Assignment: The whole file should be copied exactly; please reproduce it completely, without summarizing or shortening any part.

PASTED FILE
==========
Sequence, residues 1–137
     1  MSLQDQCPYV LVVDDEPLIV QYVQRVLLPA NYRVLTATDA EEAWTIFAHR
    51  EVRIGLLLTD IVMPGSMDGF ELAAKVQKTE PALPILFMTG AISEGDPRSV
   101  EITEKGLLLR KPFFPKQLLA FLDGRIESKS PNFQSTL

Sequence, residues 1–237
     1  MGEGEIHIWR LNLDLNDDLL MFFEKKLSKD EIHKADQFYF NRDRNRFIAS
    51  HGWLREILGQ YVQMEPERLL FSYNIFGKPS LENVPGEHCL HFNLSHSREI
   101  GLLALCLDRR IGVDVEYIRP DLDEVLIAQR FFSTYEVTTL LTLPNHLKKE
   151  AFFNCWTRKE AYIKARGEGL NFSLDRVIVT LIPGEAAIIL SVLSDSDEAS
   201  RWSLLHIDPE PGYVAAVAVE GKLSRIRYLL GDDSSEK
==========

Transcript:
Sequence, residues 1–137
     1  MSLQDQCPYV LVVDDEPLIV QYVQRVLLPA NYRVLTATDA EEAWTIFAHR
    51  EVRIGLLLTD IVMPGSMDGF ELAAKVQKTE PALPILFMTG AISEGDPRSV
   101  EITEKGLLLR KPFFPKQLLA FLDGRIESKS PNFQSTL

Sequence, residues 1–237
     1  MGEGEIHIWR LNLDLNDDLL MFFEKKLSKD EIHKADQFYF NRDRNRFIAS
    51  HGWLREILGQ YVQMEPERLL FSYNIFGKPS LENVPGEHCL HFNLSHSREI
   101  GLLALCLDRR IGVDVEYIRP DLDEVLIAQR FFSTYEVTTL LTLPNHLKKE
   151  AFFNCWTRKE AYIKARGEGL NFSLDRVIVT LIPGEAAIIL SVLSDSDEAS
   201  RWSLLHIDPE PGYVAAVAVE GKLSRIRYLL GDDSSEK